In a study of physicians' responses to patients' emotional clues, Levinson et al.30 found that 62% of surgeons and 79% of primary care providers failed to respond “positively” (either adequately or appropriately), frequently missing opportunities to acknowledge and address patients' feelings. Gulbrandsen et al.31 found that of those psychosocial problems predefined by patients as affecting their physical health, physicians correctly identified between 19% and 53%, depending on the natures of the problems. Suchman et al.'s32 findings suggest that in most instances, doctors fail to acknowledge either clues to or direct expressions of affect or emotional concerns. They hypothesized that this observed lack of “empathic response” may stem from (1) natural variability in such sensitivity, (2) fears of tapping into patients' suffering and emotional pain, and (3) attitudes acquired during medical training that “emphasize objective data and the quest for control over subjective experience and the cultivation of relationships.”32

While it is the case that most medical schools offer some instruction at the undergraduate and graduate levels in the role of behavioral factors in health and the importance of the biopsychosocial model, it has been suggested that these areas have not been fully integrated into the medical curriculum.33,34 In fact, there is some evidence to suggest that students may actually become less aware of and sensitive to paychosocial/humanistic issues as they progress through their medical training.35,36,37,38

As discussed by Schmidt,33 an unsolved challenge in terms of realizing such integration is that basic science continues to dominate medical training. She notes that “at best, biopsychosocial issues are treated as separate but equal—and often as separate and not equal.” Tresolini and Shugars,34 in their qualitative analysis of medical school faculty and administrators' perspectives on developing more integrated curricula, identified as a major barrier the “deeply-rooted biases and cultural beliefs” of faculty and administrators. This included the belief that “attention to psychosocial concerns is inappropriate for physicians and that an integrated approach is for low-status generalists.” An additional barrier to integration they identified was physicians' continued abuse of and disrespect for both medical students and patients, which, as the researchers note, contradicts the basic philosophy and spirit underlying a more whole-person, patient-centered, integrated approach to education and clinical care. As an example of the above attitudes, a fourth-year medical student recently shared, in a course I was teaching, that after she had spent some time talking to a patient about some emotional concerns the patient was having, her attending physician informed her that she was “not a nurse” and basically should attend to her assigned duties.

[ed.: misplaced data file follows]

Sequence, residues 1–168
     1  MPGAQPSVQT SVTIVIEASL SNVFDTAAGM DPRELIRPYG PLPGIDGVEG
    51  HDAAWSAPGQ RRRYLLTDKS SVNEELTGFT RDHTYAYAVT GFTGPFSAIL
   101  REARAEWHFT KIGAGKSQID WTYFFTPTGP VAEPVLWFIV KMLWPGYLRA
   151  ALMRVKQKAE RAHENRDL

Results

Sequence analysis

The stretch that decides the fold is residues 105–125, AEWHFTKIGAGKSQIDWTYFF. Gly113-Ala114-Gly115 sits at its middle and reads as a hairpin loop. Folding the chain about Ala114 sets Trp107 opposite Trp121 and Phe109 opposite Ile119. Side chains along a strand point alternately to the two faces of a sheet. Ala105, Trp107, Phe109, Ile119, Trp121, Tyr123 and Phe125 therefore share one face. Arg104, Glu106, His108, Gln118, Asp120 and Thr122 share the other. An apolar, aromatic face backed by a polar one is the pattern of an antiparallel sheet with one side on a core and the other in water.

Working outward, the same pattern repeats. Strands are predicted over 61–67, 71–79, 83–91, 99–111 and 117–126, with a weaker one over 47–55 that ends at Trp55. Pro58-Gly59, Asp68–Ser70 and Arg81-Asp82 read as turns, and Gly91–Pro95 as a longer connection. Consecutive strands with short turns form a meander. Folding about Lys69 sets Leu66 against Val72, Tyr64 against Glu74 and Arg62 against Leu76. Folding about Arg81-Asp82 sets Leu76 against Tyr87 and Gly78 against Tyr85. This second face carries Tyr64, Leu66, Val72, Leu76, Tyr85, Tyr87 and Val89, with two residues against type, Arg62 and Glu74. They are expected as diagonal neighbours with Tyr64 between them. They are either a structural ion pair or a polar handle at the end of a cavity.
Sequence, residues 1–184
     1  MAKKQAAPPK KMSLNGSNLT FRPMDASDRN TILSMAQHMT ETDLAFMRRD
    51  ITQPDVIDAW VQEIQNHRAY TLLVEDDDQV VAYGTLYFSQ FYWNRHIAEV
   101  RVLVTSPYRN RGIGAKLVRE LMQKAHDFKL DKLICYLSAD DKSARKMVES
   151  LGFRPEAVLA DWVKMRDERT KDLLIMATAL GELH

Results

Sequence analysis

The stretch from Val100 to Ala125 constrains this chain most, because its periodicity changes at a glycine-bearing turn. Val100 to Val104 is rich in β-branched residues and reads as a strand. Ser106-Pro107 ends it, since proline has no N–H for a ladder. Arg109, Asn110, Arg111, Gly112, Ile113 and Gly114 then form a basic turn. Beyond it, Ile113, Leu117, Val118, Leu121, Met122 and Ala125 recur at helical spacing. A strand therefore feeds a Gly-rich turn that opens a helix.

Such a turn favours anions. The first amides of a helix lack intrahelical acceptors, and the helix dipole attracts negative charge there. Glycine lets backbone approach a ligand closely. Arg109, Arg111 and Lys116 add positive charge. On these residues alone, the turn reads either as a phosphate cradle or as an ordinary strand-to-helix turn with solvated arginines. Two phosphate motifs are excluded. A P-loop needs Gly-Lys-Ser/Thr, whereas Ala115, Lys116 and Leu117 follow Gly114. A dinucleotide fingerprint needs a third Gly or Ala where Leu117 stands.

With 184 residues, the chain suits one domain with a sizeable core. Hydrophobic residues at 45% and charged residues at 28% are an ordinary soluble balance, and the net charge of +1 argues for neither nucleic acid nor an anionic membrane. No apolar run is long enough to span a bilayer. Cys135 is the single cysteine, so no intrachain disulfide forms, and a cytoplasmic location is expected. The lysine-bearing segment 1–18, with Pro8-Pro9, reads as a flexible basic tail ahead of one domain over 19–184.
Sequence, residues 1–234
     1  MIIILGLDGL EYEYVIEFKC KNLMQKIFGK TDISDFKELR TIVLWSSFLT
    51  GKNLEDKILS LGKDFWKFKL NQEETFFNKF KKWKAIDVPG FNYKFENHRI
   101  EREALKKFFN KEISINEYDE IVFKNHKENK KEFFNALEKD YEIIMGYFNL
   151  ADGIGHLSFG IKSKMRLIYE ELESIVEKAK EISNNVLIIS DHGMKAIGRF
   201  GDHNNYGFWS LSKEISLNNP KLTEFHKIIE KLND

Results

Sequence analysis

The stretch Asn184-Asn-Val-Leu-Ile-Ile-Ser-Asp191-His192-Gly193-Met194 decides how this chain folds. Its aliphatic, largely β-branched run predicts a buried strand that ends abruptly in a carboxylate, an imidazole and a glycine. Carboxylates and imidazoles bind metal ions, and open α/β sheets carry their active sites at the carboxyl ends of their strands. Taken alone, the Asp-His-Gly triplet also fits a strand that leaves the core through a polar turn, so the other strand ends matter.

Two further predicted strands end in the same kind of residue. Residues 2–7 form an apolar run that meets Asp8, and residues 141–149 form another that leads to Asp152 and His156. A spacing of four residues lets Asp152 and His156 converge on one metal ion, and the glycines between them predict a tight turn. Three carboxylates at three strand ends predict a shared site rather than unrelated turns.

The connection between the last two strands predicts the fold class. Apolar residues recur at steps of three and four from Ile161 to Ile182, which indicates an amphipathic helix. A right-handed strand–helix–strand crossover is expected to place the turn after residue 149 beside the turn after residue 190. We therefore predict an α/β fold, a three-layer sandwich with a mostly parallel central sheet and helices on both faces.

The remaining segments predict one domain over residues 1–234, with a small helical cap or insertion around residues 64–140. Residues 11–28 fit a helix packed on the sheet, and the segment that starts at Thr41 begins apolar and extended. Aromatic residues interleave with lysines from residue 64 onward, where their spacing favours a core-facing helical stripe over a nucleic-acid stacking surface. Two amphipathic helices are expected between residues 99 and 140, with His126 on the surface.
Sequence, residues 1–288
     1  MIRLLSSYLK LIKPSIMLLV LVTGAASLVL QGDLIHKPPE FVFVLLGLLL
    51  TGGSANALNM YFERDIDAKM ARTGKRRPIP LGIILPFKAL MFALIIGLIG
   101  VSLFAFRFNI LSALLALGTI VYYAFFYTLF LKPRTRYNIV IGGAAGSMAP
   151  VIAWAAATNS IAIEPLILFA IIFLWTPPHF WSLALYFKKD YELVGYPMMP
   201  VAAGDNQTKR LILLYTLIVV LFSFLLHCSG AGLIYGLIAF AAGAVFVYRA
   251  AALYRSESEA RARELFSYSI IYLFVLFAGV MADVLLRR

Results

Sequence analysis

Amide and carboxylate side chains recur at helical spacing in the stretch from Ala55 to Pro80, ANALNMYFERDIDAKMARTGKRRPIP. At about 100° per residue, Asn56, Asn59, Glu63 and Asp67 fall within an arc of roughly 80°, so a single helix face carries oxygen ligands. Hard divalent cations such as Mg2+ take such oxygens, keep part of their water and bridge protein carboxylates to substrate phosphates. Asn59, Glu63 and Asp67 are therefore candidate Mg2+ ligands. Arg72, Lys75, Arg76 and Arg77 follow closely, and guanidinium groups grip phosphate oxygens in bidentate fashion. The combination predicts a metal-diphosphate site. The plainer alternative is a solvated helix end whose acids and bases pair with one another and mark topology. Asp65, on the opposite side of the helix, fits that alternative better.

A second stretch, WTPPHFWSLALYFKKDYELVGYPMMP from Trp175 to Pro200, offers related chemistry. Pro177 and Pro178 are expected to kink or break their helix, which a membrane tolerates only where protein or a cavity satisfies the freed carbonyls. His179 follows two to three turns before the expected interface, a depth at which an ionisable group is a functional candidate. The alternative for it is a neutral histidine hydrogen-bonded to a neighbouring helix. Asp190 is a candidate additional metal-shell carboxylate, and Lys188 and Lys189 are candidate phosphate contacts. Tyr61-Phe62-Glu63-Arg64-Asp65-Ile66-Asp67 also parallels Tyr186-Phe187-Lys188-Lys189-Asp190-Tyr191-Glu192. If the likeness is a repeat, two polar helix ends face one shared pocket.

While I acknowledge the above is not a systematic review of the literature examining physicians' skills in addressing the psychosocial dimensions of patients' lives, these findings certainly raise doubts as to how successful we have been in training future physicians in these areas. Therefore, the jury is most certainly still out regarding whether mind—body interactions are being sufficiently addressed in medical school. While some CAM proponents may be implying that conventional medical education “denies” the importance of mind—body interactions, most CAM educators and researchers with whom I work are instead arguing that it is a matter of degree, and that by and large, it is felt (and the evidence cited above lends strong credence to the notion) that this continues to be an area that is underemphasized and given inadequate attention in medical training. The CAM community may ultimately be doing all of medicine an enormous service by advocating that there be greater attention given to these historically neglected domains, helping to make medicine both more effective and more humane.